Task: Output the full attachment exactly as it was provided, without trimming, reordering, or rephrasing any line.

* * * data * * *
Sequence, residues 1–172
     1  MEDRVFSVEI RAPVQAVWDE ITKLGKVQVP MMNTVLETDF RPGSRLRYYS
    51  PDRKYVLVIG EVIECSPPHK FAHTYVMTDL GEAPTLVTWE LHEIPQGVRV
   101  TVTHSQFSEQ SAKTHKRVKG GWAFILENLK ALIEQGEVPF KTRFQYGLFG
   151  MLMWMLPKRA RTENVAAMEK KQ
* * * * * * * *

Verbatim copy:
Sequence, residues 1–172
     1  MEDRVFSVEI RAPVQAVWDE ITKLGKVQVP MMNTVLETDF RPGSRLRYYS
    51  PDRKYVLVIG EVIECSPPHK FAHTYVMTDL GEAPTLVTWE LHEIPQGVRV
   101  TVTHSQFSEQ SAKTHKRVKG GWAFILENLK ALIEQGEVPF KTRFQYGLFG
   151  MLMWMLPKRA RTENVAAMEK KQ